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The Washington Post
(University of Maryland International Piano Festival)

Tryon's art is one of proportion and taste, deriving its strength from understatement. Her extensive technical resources are used with enormous restraint in a style which, clearly by choice, avoids both brilliance and flamboyance. She possesses virtuosic control, particularly over the lower end of the dynamic scale. Her ability to play passages of intricate fingerwork with lightness and rapidity is truly magical. She never strains - even the most fiendish sections seem simple in her hands.


The Boston Globe
(Newport International Piano Festival, Rhode Island)

Elegant in a billowy pale raspberry gown with spangled bodice, Tryon looks to be a charming if reserved, entirely ladylike English matron. But don't be fooled. There are reserves of passion and power that erupt in her playing, even when there is never a hair out of place nor a telltale bead of perspiration. Indeed, that is one of the marvels of her playing—it all looks so effortless. Her Scarlatti was notable for the pellucid quality of the passage work, the evenness of the trills, the charm and ebullience of the expression, the magisterial command of difficult techniques like the chains of thirds….Tryon’s Mozart was full of dark depths. Particularly impressive was the way she extracted the maximum expressive juice from Mozart’s unexpected changes of harmony, his chromatic dissonances.

Tryon’s Liszt made it clear that we had entered the 19th century and were communing with one of that period’s seminal geniuses. Although it was the same instrument she was playing, the Yamaha piano sounded entirely different…. Finally, there was the “Mephisto Waltz” with its diabolical energy and seductive lyricism. Tryon just let it rip, emerging cool and undaunted after wrestling with the devil.”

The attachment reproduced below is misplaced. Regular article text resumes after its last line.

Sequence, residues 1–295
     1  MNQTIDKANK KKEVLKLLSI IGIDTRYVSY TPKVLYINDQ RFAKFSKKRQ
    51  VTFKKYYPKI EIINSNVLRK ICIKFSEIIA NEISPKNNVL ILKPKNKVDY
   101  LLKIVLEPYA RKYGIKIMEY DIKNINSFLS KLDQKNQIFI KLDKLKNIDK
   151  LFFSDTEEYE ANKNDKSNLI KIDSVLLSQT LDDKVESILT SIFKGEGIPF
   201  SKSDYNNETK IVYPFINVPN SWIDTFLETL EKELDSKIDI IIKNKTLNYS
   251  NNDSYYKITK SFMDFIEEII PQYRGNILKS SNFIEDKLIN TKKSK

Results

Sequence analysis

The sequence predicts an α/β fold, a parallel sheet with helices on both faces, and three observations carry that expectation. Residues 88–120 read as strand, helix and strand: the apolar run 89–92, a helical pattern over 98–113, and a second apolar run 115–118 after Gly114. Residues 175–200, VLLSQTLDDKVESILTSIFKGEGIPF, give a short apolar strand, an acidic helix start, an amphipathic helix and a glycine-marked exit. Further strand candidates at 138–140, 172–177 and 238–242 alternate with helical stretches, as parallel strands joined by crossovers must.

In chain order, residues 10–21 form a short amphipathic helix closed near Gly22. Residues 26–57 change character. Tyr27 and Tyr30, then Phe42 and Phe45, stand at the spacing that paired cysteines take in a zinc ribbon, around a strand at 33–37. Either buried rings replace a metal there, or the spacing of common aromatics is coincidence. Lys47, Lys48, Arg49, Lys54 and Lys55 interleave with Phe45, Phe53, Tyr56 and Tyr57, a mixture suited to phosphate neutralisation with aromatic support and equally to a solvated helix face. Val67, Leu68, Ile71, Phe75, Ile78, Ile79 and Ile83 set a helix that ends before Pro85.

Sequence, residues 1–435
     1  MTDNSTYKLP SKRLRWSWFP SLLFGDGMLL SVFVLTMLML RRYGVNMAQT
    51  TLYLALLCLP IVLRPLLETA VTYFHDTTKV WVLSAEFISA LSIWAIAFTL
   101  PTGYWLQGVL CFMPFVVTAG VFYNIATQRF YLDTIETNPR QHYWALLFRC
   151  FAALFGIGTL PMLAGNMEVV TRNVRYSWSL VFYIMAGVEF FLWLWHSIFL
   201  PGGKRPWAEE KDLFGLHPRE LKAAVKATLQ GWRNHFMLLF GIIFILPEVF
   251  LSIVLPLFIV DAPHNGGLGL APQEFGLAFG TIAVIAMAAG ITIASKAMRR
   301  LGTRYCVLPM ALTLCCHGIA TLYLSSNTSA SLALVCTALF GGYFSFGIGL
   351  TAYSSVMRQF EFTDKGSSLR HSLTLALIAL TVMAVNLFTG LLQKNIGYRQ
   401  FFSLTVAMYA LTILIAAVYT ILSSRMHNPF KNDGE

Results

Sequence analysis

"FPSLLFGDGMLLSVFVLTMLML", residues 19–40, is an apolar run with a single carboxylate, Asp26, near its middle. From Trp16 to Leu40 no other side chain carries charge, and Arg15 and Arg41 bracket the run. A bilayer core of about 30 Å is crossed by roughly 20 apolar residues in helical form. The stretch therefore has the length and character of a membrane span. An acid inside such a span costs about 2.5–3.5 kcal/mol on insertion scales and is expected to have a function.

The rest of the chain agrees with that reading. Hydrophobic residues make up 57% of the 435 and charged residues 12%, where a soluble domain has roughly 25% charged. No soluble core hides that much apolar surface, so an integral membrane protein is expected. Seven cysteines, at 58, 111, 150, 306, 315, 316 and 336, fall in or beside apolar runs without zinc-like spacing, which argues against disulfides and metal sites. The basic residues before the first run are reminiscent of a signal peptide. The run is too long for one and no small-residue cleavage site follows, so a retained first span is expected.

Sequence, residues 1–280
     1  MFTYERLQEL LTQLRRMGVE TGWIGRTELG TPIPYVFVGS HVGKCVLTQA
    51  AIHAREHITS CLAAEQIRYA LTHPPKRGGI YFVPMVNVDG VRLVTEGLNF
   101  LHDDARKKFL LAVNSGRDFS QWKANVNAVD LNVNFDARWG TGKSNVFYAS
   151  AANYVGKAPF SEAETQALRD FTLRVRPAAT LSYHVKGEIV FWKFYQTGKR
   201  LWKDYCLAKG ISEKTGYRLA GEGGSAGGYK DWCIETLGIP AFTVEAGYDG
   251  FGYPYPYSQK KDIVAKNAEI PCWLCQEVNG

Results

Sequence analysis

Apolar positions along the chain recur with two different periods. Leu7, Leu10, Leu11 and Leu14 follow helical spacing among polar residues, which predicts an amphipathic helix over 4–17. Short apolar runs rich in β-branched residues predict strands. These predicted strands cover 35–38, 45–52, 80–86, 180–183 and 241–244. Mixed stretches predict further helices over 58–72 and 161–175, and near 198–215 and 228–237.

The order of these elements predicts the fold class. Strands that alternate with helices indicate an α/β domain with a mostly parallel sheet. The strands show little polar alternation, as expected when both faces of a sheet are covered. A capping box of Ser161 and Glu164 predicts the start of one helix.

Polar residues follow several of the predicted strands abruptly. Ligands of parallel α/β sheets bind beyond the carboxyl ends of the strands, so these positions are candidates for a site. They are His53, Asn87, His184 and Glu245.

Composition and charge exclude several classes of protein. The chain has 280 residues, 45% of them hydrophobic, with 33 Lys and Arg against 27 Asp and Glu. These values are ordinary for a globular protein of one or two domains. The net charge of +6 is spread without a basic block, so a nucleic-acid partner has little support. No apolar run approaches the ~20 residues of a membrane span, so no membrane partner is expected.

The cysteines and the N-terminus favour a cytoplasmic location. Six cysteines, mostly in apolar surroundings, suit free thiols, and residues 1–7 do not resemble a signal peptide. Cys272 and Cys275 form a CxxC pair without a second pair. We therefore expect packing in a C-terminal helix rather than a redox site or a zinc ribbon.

The Guardian (Manchester)

She happily pointed Walton's rhythms and, generally, insinuated her instrument into the variable textures with remarkable discretion and sensibility. I have long admired Valerie Tryon's piano playing, and take pleasure in this opportunity to do some measure of justice to her gifts.

Sir Neville Cardus


The American Record Guide
Liszt Recording

Valerie Tryon is a very strong pianist and a solid musician...Everything is direct, backed by a dream technique...Tryon impresses me as the best pianist so far in the ongoing Naxos cycle of the complete Piano Music of Franz Liszt.

Harold Schonberg


Fanfare Magazine
Liszt Recording

Valerie Tryon's unique warmth of phrasing and radiance of tone, bespeaking a labour of love, lift these [Liszt transcriptions] out of the category of mere curiosities or addenda to new and captivating life. Tryon's commitment never flags.

Adrian Corleonis


The Daily Telegraph (London)
Wigmore Hall - Liszt Festival

Miss Tryon chose the three Concert Studies. Her splendid technical address and glittering tone further underlined a combination of exceptional musical gifts and single-mindedness not common among pianists of any age.


BBC Music Magazine